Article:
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Castro retirement: Cuban readers react

Cubans read Fidel Castro's letter in Granma in Havana, 19 February 2008
Mr Castro told Cubans he was retiring in a letter in Granma

Cubans inside and outside Cuba have been reacting to the announcement by their long-serving, ailing leader Fidel Castro that he will retire as president.

Here Cubans on the island and in exile give their verdict on Mr Castro's retirement and predict what is next for their country.

ARNALDO CORO ANTICH, HAVANA, CUBA

Cubans have been expecting to hear an announcement like this for some time.

Fidel is intelligent and wise and he knew what was happening with his health.

He knew that it would eventually impact on his ability to continue as president.

Fidel prepared his people well for this day
Arnaldo Coro Antich

Now he will continue to consult and advise the new leadership which meets in the new parliament on Sunday.

I expect Raul Castro to be selected as the next president then.

We also have three generations of Cubans in this country, all with leaders that are capable of forming part of a new government.

For example Carlos Lage Davila, the vice-president of the council of ministers, has already shown he is capable of handling the day to day affairs of government, particularly the economy.

So overall things remain as normal here. Fidel prepared his people well for this day.

MARIA CARDOVA, CUBAN EXILE IN BRUSSELS, BELGIUM

This is a very emotional day.

The announcement of Fidel's retirement is very good news for exiles like me who have a yearning to go back to Cuba.

I have not been back since 1961, when my family was forced to leave.

Cuban exiles celebrate in Little Havana, Miami, 19 February 2008
The news was greeted with joy by many in the Cuban diaspora

This is not, however, the end of Fidel and his influence. He has such a strong personality and image that has been so ingrained in Cuban society for the past 47 years that it will not just disappear overnight.

Raul will take over but he does not have the power or the charisma of Fidel, so they may have to allow some of the younger generation of politicians to come through.

It's all speculation for now until we know what Fidel is really thinking.

There's no way he'll let go entirely of power, so I suspect not much will change for now.

It is, though, a significant step towards where we as exiles would like to see Cuba - a democracy with freedom of speech and liberty.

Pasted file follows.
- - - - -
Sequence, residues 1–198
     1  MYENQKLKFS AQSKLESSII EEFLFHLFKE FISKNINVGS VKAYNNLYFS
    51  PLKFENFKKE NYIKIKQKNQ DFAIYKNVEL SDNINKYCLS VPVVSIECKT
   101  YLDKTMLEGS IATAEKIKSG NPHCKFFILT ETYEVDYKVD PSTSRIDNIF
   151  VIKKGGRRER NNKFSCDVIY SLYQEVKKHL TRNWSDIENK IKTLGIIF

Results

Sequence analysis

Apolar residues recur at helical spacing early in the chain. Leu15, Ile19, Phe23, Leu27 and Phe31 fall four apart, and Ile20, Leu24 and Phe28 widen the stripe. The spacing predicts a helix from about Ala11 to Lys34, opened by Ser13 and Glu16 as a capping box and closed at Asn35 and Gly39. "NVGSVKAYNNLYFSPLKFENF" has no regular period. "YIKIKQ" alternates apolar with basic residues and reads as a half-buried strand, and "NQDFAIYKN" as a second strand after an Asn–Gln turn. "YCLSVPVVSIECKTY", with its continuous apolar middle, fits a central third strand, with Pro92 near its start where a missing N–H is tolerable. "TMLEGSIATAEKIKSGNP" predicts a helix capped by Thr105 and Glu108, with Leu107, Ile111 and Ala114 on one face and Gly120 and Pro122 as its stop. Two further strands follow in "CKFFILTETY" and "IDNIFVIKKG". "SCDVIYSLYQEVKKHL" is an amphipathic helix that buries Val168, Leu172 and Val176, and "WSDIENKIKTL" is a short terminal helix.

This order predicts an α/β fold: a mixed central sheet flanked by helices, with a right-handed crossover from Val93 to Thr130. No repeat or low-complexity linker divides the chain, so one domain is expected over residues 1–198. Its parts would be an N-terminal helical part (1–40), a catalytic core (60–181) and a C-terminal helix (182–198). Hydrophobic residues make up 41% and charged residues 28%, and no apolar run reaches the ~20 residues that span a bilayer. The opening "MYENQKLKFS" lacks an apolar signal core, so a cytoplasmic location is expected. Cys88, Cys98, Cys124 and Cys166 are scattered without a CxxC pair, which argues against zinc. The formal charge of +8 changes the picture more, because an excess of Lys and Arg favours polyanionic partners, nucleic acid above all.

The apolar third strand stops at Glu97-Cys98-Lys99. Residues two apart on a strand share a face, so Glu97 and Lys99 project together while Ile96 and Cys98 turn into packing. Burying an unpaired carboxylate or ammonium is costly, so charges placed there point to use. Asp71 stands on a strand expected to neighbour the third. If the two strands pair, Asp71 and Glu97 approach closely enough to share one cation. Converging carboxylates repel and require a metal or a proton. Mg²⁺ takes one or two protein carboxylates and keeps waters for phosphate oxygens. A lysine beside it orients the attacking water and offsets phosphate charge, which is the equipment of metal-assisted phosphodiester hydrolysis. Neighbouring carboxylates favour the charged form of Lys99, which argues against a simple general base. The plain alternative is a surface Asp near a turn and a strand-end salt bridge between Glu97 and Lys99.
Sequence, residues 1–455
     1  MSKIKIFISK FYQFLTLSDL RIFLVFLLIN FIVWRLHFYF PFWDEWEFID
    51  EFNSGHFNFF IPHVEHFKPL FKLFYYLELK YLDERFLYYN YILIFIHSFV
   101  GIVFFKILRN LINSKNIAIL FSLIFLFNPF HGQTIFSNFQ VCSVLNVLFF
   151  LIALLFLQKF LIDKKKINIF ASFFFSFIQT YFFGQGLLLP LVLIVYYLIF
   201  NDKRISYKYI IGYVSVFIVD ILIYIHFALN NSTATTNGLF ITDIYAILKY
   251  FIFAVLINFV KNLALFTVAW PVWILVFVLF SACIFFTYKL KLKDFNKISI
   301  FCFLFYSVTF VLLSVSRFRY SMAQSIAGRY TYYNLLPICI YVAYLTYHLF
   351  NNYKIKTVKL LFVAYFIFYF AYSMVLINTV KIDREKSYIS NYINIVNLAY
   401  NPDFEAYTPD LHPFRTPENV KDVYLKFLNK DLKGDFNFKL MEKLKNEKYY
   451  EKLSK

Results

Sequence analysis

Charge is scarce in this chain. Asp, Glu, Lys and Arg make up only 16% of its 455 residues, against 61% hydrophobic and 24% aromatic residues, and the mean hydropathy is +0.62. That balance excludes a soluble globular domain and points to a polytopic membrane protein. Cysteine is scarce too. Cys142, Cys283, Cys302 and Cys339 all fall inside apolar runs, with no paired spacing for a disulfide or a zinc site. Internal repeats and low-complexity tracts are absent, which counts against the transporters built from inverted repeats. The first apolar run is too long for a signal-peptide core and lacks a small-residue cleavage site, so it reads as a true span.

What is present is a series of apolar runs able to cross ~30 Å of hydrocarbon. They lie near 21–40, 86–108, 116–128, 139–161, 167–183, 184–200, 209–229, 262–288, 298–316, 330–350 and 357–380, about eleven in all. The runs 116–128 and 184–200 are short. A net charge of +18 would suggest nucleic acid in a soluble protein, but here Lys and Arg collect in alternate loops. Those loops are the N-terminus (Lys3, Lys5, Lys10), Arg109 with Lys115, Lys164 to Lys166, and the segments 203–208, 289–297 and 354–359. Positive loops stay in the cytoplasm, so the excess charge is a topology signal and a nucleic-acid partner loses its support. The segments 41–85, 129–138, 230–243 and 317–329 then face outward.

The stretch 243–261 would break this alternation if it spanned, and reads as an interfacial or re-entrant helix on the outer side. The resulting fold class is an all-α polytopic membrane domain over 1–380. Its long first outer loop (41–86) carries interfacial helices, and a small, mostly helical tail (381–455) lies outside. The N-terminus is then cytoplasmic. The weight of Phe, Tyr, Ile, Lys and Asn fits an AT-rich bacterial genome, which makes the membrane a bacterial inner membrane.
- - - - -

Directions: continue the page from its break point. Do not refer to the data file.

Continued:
But it will not be fully achieved - and I will not be able to return - until he dies.

ROLANDO MENDEZ, CUBAN EXILE IN SPAIN

Rolando Mendez

We haven't seen the Cuban dictator in the flesh since he withdrew through illness. This leads me to think that he may have died already.

However, to maintain control and keep the peace, his successors have chosen to prolong his life to buy themselves time and strengthen their own positions.

The announcement of his resignation is just a step towards the news of his death, which will surely come soon.

Life in Cuba is completely controlled by the repressive organs of government.

If perhaps news of Castro's death had spread a few months ago, there might have been demonstrations which could have toppled the government.

Meanwhile, the public image of the dictator as leader of the masses continues to be manipulated through his supposed writings under his name, published in the official paper Granma, organ of the only legal political party on the island.

The only one who can take over power now is Raul. None of the others have popular appeal nor the backing of those within government circles.

ELOY DANIEL ALVAREZ GUERRA, SANTIAGO DE CUBA, CUBA

Eloy Daniel Alvarez Guerra

I don't think much is going to change as a result of Fidel's resignation. He is still the leader of the revolution.

A lot of people in Cuba still think of Fidel as the leader. He has a strong personality and the wisdom to make decisions.

Cubans have a different view of older people than in the West. We think old people have wisdom and experience and young people don't.

So we think Fidel and his brother Raul are appropriate leaders, because they have led for 50 years. There are younger people in government but they are technical workers and administrators.

People who have the experience - like Fidel and Raul - are really in control. The young ones implement economic and political changes that these leaders want.

I don't think most people are unhappy with this, whether they are workers in factories or professionals, like teachers or doctors.

Cubans are happy people - we don't think moving one person and replacing him with another is important.

Yes, the decision about who the president of the council of state and the council of government is made by people who are supposed to be representatives of the people, but as far as Fidel is concerned, he led the revolution, he is a charismatic leader and a historical figure.

You can't change this. People do think that Raul will bring some changes that are needed, but those changes are enough.

Fidel has demonstrated that he can lead. The difference is that nobody knows the younger ones in government. We have to wait and see what they can do.

Perhaps Fidel will take up a different kind of position now, such as member of the council.





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